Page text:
We All Represent “Diversity”

W.J. Astore

On not judging books by their covers

It was only a few years ago that I learned I’m a “cis white male.” As such, I guess I’m a dime a dozen. Ordinary. Not representative of “diversity.”

I get it. I’m a historian so I know something about how various peoples have suffered extreme, even murderous, prejudice and exploitation over time. I’ve taught about slavery, the Holocaust, and various forms of discrimination against women and minorities, among other groups and peoples. The list goes on and on. The recent shootings in Colorado Springs where the LGBTQ community was targeted reminds us that too many people see diversity as a threat.

If only we could see ourselves just as human beings in all the richness that term describes. We are all part of the human community. We contain multitudes, as Walt Whitman said.

These people aren’t diverse. Where are the unhappy people? Seriously, this stock image is supposed to represent diversity, but I don’t see any blue-collar workers. Where’s the cleaning crew? Is everyone in this company lean and fit? Too often, even “diversity” images lack diversity.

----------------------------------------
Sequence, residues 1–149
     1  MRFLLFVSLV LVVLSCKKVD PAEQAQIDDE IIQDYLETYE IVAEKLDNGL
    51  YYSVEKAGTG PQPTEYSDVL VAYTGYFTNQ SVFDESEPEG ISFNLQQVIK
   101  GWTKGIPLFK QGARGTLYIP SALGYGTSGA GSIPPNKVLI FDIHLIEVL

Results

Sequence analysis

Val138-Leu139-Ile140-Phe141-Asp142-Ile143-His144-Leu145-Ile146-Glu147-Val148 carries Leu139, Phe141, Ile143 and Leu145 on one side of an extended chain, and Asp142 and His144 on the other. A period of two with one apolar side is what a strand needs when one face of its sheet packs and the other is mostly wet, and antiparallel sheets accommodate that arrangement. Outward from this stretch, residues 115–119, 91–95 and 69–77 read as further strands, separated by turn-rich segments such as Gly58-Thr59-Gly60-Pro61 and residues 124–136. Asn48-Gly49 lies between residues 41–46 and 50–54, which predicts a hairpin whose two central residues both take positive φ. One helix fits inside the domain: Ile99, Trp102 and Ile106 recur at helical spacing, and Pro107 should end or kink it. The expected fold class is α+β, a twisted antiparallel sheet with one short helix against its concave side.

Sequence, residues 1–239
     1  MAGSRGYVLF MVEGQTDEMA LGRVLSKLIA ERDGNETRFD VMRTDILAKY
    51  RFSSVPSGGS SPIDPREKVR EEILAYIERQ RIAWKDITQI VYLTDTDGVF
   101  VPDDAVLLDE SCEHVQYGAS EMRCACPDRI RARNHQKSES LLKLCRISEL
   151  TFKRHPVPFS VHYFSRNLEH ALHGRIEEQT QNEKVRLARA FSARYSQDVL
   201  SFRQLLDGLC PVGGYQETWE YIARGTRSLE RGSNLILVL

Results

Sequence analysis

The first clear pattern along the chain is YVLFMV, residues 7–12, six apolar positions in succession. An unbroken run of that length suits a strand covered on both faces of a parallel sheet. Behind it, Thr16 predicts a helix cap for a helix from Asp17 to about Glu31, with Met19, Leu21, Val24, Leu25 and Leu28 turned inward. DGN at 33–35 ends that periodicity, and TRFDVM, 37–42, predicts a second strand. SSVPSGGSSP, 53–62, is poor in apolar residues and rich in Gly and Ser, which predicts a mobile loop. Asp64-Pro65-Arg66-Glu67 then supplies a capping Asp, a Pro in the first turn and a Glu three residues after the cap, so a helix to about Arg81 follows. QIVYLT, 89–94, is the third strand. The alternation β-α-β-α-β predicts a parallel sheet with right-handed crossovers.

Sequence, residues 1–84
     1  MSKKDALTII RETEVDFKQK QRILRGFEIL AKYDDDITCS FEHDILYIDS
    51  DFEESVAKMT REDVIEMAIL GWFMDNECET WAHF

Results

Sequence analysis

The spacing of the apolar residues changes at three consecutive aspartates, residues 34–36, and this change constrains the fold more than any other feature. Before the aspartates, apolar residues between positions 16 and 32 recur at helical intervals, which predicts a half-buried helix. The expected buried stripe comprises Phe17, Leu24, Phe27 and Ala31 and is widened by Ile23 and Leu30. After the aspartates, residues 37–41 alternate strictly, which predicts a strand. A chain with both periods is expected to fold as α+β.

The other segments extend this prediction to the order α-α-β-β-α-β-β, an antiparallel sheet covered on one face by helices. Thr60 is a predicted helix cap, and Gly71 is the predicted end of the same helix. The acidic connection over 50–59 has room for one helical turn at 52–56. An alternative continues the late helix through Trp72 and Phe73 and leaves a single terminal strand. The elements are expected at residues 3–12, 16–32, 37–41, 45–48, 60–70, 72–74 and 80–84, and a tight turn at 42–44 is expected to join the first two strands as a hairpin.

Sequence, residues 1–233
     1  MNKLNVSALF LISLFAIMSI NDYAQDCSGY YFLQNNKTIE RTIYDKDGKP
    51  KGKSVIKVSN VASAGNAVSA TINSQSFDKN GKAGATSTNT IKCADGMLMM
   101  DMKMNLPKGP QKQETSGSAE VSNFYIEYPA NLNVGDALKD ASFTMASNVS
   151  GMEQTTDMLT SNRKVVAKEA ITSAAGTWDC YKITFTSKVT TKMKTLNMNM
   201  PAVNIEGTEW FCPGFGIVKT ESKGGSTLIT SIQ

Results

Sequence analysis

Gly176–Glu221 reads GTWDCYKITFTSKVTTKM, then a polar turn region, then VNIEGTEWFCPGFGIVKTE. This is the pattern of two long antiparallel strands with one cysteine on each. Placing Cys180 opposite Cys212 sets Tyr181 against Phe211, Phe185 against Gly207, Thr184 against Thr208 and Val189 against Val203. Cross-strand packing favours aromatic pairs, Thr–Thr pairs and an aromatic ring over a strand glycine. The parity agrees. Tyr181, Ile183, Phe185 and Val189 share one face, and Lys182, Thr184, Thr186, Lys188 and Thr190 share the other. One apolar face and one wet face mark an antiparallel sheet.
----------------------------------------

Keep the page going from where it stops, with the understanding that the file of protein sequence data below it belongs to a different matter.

Nevertheless, I understand how various people and organizations want to exhibit diversity by hiring or showcasing more women, or more Blacks, or more members of the LGBTQ community, and so on. It seems as if guys like me have ruled the world (or we act as if we have) for so long that we need to be taken down a peg or two. Or three.

What happens, sadly, is that in some cases what we get is what my wife likes to term “optical” diversity. Think about the U.S. government. You get a Black female (think Condi Rice) in a position of power, but she basically thinks and acts the same as a cis white male neo-conservative. You get a Black male (think Lloyd Austin) in a position of power, but he’s basically a card-carrying member of the military-industrial complex. You get “Mayor” Pete Buttigieg in a position of power, but he’s just another government technocrat spouting bromides in the pursuit of power.

Optical diversity shouldn’t be the main goal. What we’re striving for, or should be striving for, is diversity of perspectives, of life experiences, along with an openness to new ideas and viewpoints. A willingness to listen, to learn, to come together based on mutual respect, a shared commitment to work toward justice.

What about me? Am I just another aging cis white male? Just another out-of-touch white guy? Okay, Boomer!

I hope not. I was taught by my parents not to judge a book by its cover. So how do I represent diversity? If you were looking for “diversity,” would I fit the bill (no pun intended)? Here are ten reasons why I might be a “diverse” human:

  • I’m politically independent. In my life I’ve voted Republican, Democrat, and Green. I’m generally “progressive,” though I find labels reductive.